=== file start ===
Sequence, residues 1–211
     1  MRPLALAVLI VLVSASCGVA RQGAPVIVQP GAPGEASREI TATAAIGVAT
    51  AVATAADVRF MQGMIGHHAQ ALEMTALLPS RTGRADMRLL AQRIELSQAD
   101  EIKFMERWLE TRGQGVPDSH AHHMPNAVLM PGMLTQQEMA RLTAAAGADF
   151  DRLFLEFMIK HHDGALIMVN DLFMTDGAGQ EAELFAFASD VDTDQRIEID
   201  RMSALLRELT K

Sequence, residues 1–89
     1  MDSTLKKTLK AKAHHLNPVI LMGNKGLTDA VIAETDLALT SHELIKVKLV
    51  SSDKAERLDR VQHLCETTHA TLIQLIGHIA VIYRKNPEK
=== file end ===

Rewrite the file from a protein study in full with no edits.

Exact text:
Sequence, residues 1–211
     1  MRPLALAVLI VLVSASCGVA RQGAPVIVQP GAPGEASREI TATAAIGVAT
    51  AVATAADVRF MQGMIGHHAQ ALEMTALLPS RTGRADMRLL AQRIELSQAD
   101  EIKFMERWLE TRGQGVPDSH AHHMPNAVLM PGMLTQQEMA RLTAAAGADF
   151  DRLFLEFMIK HHDGALIMVN DLFMTDGAGQ EAELFAFASD VDTDQRIEID
   201  RMSALLRELT K

Sequence, residues 1–89
     1  MDSTLKKTLK AKAHHLNPVI LMGNKGLTDA VIAETDLALT SHELIKVKLV
    51  SSDKAERLDR VQHLCETTHA TLIQLIGHIA VIYRKNPEK